At first, Johnny Kung Fu appears to have potential, with its mix of retro electronic-gaming-inspired gameplay and the kung fu combat levels. Unfortunately, it takes less than 15 minutes to realize it squanders this potential by doing absolutely nothing with it.So, Johnny knows kung fu. That’s presumably why his name is Johnny Kung Fu. Why the Mr. Wang Gang would then go and kidnap his girlfriend and invite him to get her back by going floor by floor through their building is beyond me. I certainly wouldn’t target him, when there are surely others to victimize who do not know kung fu. Regardless, it doesn’t matter. It’s a flimsy attempt at wrapping an overarching narrative onto what is essentially a microgame collection, a la WarioWare , with a highly Game & Watch-inspired aesthetic.
There’s a dearth of variety in the types of microgames you will play. There’s a Donkey Kong-inspired game that takes the aesthetic of the handheld devices of yore. This game is the one you’ll get sick of first, as it appears very often, harder each time. There’s a bomb juggling game that is very reminiscent of one of the mindless Game & Watch games, and then there’s a number of combat games. This is where they had a chance to spice up the game, but they failed miserably in that regard.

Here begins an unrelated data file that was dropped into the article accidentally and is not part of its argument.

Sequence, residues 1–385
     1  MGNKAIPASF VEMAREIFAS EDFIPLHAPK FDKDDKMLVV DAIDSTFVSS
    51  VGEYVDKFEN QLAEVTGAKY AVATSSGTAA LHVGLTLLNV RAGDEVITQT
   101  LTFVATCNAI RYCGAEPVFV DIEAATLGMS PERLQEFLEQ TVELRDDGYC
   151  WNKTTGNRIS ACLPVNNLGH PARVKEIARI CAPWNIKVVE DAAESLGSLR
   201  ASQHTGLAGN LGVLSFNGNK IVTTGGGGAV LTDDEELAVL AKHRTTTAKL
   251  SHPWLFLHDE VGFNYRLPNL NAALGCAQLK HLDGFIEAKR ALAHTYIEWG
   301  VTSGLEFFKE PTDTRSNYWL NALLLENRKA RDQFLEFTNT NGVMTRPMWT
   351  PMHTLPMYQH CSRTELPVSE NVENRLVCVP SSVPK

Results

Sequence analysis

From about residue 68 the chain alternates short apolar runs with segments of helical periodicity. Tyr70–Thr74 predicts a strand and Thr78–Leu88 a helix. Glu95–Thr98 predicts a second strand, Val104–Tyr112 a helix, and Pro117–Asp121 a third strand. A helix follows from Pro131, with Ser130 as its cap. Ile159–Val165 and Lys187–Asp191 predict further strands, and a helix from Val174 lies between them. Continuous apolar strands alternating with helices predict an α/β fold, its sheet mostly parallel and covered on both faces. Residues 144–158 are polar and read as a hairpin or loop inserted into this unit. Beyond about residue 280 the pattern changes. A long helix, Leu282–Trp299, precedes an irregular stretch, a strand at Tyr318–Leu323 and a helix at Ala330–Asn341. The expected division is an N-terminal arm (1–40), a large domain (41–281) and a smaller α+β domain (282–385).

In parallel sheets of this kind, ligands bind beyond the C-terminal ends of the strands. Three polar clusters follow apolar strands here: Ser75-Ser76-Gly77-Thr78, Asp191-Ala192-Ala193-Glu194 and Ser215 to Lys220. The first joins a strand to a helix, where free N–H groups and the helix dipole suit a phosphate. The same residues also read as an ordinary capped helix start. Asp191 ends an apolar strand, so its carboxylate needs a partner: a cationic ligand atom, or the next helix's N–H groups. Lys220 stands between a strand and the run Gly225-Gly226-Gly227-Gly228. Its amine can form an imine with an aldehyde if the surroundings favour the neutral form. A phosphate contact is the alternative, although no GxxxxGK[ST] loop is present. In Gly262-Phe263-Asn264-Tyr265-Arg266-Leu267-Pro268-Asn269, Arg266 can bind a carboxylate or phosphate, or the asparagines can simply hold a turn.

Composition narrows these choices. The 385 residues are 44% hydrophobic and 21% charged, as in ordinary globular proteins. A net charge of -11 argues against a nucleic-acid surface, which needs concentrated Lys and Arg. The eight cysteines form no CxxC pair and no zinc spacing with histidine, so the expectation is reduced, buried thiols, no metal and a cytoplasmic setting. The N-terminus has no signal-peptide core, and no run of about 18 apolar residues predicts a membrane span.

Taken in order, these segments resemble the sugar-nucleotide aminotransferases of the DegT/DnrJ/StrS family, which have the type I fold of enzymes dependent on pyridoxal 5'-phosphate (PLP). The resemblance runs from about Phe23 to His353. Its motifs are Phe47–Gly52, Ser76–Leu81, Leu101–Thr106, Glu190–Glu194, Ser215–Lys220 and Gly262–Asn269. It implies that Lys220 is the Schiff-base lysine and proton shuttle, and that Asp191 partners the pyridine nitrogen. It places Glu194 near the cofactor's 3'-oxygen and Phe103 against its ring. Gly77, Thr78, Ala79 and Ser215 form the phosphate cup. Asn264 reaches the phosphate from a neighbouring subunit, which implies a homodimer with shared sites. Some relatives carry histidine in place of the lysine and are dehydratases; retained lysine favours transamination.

Combat is extremely simplistic. Enemies other than bosses only take three hits to die, and all they do is rush you. This results in mind-numbing button mashing that gets you through every non-boss encounter without any danger or damage. The bosses are all pattern-based, though none are terribly difficult to figure out and beat. As you advance, new moves are unlocked, but aside from being used in boss patterns, there’s no use for them.
When you start a new game, and there’s no saving progress so all games are new games, you are given an hour to beat the game. Each time you lose three lives, five minutes of time are eaten up in exchange for three more lives. And… that’s it. That’s the game. Oh sure, survival modes for the various electronic handheld-inspired levels are unlocked, but they are merely an exercise in frustration with no reward for progress in them.
While the homage to the legacy gadgets of yesteryear could have led to an intriguing game with interesting gameplay, the lack of variety or depth doom Johnny Kung Fu to the depths of the eShop. Which is sadly the only place you’ll find any depth with this title.
Pros: Nostalgic, Game & Watch-inspired graphics
Cons: Lack of variety, little replay value, shallow gameplay